(Duration: 13 min)
Arcangelo Corelli came of age at the ideal time and place for an aspiring violinist, when composer-performers in Italy were reinventing the instrument’s technique and repertoire, spurred on by access to the finest fiddles ever made (thanks to Amati, Stradivari and company). After Corelli moved from Bologna to Rome in his early twenties, he established himself as the most influential violinist and teacher of his generation, attracting students and imitators from all over Europe.
All of Corelli’s published compositions — just six collections in total — featured his own instrument. He wrote many sonatas for violin and basso continuo (a shared bass line usually played by cello along with harpsichord or other accompanying instruments), and he also composed for two violins and basso continuo, a genre known as the trio sonata. His most widely copied innovation was the concerto grosso, which added full string sections to the texture of the trio sonata, allowing for alternations between the rich ensemble sound and the more transparent and virtuosic possibilities of solo violins and cello. Musicians had been propagating that new style for decades by the time Corelli’s concertos first appeared in print, in a posthumous publication released in 1714 as his Opus 6, and the craze only accelerated from there.
On the manuscript of the Concerto Grosso in G Minor that was eventually published as the eighth of the twelve concertos in Opus 6, Corelli indicated that it was “written for Christmas night.” Cross-checking the historical record, we can presume that this was the concerto he wrote in 1690 when one of his patrons, a Cardinal in Rome, commissioned a Christmas concerto. At the time, dance music was prohibited in churches (even outside of official services), so Corelli wrote it in the acceptable “church” style, using abstract tempos and rhythmic patterns instead of the recognizable dances that had been popularized in France. This concerto exhibits more variety than the typical slow-fast-slow-fast array of movements, saving its biggest surprise for the Christmas-themed finale, an optional Pastorale that evokes the rural setting of Jesus’ birth with droning, lilting shepherd music.
Aaron Grad ©2023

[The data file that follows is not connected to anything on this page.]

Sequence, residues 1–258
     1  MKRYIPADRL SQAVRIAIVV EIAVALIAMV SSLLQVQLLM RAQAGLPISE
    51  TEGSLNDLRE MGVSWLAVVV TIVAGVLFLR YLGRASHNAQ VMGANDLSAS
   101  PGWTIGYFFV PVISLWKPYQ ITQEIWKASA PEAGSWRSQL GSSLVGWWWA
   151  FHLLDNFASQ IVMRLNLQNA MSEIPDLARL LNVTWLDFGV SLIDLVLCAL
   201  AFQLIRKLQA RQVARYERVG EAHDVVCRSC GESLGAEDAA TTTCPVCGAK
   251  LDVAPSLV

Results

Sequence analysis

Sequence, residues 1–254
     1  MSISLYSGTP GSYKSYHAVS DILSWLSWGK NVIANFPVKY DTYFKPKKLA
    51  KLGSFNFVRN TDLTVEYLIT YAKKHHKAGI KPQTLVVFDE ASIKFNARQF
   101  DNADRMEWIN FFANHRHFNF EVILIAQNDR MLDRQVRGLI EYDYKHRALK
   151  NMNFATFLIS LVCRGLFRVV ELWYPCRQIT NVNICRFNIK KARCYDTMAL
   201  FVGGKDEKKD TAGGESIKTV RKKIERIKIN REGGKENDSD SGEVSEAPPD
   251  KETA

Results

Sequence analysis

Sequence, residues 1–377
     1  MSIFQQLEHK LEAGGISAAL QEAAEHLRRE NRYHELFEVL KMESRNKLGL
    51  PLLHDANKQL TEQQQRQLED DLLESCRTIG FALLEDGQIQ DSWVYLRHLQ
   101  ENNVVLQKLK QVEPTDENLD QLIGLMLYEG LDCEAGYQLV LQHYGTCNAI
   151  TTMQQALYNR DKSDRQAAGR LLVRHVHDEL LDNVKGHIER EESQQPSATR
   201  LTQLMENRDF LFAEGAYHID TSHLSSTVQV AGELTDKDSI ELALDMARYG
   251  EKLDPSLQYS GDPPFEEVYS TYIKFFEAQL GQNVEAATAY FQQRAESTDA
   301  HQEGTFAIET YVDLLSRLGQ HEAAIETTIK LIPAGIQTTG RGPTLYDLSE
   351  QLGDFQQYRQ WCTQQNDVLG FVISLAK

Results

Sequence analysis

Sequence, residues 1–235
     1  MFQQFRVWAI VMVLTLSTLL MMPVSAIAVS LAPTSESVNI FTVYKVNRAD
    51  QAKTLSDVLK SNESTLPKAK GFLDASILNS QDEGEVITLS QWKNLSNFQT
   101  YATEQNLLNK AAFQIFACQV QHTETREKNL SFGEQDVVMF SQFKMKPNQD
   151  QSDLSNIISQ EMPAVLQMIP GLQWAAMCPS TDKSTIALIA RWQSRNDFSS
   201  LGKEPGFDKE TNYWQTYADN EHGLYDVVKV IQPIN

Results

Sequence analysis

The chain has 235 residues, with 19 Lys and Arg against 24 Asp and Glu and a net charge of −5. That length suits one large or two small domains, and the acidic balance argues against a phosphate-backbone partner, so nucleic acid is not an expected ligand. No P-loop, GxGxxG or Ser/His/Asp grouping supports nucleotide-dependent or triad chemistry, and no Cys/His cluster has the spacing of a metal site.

(Duration: 23 min)
The Russian composer Alfred Schnittke received his earliest musical training in Vienna, while his father served there as a translator. After graduating from the Moscow Conservatory in 1958, he made waves with the explosive oratorio Nagasaki, and despite receiving an official rebuke from the government-aligned Union of Composers, he managed to sustain a career by scoring state-sponsored films and teaching. In his original music, he navigated the constraints on Soviet composers by honing a “polystylistic” sound that borrowed freely from music of just about any style and era, from the holiest church music to the bawdiest songs.
Schnittke’s idiosyncratic relationship to music of the past drives his Suite in the Old Style, originally composed for violin and piano in 1972, and heard here in a version for chamber orchestra arranged in 1991 by Vladimir Spivakov and Vladimir Milman. With artful phrases and sparkling harmonies, long passages saunter by without disturbing the fantasy that this is some forgotten score from the eighteenth century. But then we reach a juncture like the trills at the end of the opening Pastorale that drift off key, or the sour passing notes that add subtle complexity to the sweetness of the Ballet. The final Pantomime stretches this Baroque cosplay just far enough past the line of believability to ensure that everyone is in on the joke together, ending with a new version of the first movement’s bizarrely inconclusive final cadence.